Waterway is the literal translation of 水路 (Chinese pronunciation: shuǐ lù). In both English and Chinese, it means a river, canal or other route for travel by water. But in tea-making, waterway is a term used for distinguishing the quality of teas. Today, let’s unveil the secret behind the term waterway.
Waterway is actually the professional term used by Wuyi tea makers for tea soup. More specifically, waterway refers to the color and the mouthfeel of tea soup. (We have blogs discussing the color and the mouthfeel separately, please see Blog 77, Blog 78 and Blog 79 for more.)
The quality of “waterway” often becomes a factor when judging how well a tea is made. If we want to know if a tea has rich nutrient content and good tea-making skills, “waterway” can be a reliable reference.
To understand “waterway”, we can simply start with the color and the mouthfeel of tea soup.
Every tea category has different tea soup colors. For example, green tea is light green, and black tea is dark amber. Even teas in the same category can have different tea soup colors. For instance, Wuyi oolong has at least 3 common tea soup colors: bright orange, orange red and dark red.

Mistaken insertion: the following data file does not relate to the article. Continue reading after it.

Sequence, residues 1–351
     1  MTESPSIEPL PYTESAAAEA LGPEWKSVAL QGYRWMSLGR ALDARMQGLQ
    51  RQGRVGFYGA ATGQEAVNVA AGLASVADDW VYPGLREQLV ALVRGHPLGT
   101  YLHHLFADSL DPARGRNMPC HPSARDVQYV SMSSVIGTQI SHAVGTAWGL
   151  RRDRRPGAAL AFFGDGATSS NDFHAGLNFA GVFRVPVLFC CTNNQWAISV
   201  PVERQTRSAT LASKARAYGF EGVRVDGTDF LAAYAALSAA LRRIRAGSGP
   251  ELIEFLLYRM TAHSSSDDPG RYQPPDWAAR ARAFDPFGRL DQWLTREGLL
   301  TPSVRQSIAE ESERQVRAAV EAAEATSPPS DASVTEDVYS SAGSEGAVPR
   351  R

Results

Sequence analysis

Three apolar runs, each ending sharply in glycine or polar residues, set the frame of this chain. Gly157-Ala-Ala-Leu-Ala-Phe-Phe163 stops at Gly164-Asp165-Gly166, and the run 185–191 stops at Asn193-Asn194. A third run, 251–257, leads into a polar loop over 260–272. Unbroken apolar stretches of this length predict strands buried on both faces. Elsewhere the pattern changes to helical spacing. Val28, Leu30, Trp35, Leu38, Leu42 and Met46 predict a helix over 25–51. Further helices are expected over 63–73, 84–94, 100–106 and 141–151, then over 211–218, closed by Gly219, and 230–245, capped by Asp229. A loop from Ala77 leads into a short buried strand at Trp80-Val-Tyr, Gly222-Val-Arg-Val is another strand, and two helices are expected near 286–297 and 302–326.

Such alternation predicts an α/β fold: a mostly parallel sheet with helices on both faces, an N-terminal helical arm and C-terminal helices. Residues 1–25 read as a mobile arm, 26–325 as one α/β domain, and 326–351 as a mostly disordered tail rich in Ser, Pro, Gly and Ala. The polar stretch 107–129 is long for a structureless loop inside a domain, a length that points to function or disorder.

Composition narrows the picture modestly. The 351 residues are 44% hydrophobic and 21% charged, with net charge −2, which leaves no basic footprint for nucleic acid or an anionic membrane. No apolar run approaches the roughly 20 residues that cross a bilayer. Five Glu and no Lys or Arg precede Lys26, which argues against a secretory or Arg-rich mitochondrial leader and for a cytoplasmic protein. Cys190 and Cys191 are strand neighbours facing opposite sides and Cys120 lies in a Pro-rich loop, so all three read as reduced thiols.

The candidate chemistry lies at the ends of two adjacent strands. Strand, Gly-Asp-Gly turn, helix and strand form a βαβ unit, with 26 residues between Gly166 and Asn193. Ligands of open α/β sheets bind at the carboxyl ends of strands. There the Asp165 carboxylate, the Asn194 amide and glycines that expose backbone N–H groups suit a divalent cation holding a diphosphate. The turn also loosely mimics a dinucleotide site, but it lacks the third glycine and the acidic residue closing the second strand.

From the depth and the brightness of the tea soup color, we can know quite a lot about the tea plant growing environment, tea-making skills and tea mountain field management.
In general, a deep, bright and clear tea soup color means a better quality tea. (for more detailed explanation, please visit our previous Blog 77)
Despite color is what we’d first notice, discussions of the mouthfeel is where the term “waterway” is used the most often.
If you drink tea with our tea makers, you’d notice they often assess a tea by how “fine” or “rough” the “waterway” is.
Of course, tea makers’ language is always vague. What they’re really referring to is how delicate, smooth and rich a tea tastes.
To achieve a delicate, smooth and rich “waterway”, a tea must have:
· a full-year growing period in a good tea mountain field (which means valley&cliff environment and one harvest per year);
· a clean withering process;
· a full and thorough roasting process with an adequate amount of cool-down time (if applicable, for “cool-down time” please see Blog 42 for more).
Understanding what makes a great tea great can be difficult. Sometimes, it seems judging a tea is a pure subjective matter. By learning the tea maker’s way, we can have a more systematic and standardized measurement of a tea.
We hope you enjoyed today’s blog. As always, if you have questions or suggestions, please leave a comment, tweet us @valleybrooktea or email the author directly at firstname.lastname@example.org. Please also follow us on Instagram @valleybrooktea and join our mail list to get our daily tea updates and our latest promotions!